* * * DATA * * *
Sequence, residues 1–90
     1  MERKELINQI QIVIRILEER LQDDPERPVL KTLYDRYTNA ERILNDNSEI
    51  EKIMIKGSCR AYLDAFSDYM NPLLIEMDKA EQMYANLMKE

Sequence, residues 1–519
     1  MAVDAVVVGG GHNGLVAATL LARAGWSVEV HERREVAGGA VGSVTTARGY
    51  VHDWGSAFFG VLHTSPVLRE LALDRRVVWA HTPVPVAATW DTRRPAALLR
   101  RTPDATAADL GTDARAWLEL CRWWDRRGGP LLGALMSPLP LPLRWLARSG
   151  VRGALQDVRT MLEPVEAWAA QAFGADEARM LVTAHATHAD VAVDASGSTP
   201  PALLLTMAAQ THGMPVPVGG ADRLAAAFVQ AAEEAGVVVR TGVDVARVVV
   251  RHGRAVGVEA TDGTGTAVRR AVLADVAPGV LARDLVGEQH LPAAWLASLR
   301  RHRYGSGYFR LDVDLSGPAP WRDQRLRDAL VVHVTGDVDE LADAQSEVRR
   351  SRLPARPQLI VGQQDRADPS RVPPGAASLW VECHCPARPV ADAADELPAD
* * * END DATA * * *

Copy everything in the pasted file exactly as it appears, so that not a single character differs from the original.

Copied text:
Sequence, residues 1–90
     1  MERKELINQI QIVIRILEER LQDDPERPVL KTLYDRYTNA ERILNDNSEI
    51  EKIMIKGSCR AYLDAFSDYM NPLLIEMDKA EQMYANLMKE

Sequence, residues 1–519
     1  MAVDAVVVGG GHNGLVAATL LARAGWSVEV HERREVAGGA VGSVTTARGY
    51  VHDWGSAFFG VLHTSPVLRE LALDRRVVWA HTPVPVAATW DTRRPAALLR
   101  RTPDATAADL GTDARAWLEL CRWWDRRGGP LLGALMSPLP LPLRWLARSG
   151  VRGALQDVRT MLEPVEAWAA QAFGADEARM LVTAHATHAD VAVDASGSTP
   201  PALLLTMAAQ THGMPVPVGG ADRLAAAFVQ AAEEAGVVVR TGVDVARVVV
   251  RHGRAVGVEA TDGTGTAVRR AVLADVAPGV LARDLVGEQH LPAAWLASLR
   301  RHRYGSGYFR LDVDLSGPAP WRDQRLRDAL VVHVTGDVDE LADAQSEVRR
   351  SRLPARPQLI VGQQDRADPS RVPPGAASLW VECHCPARPV ADAADELPAD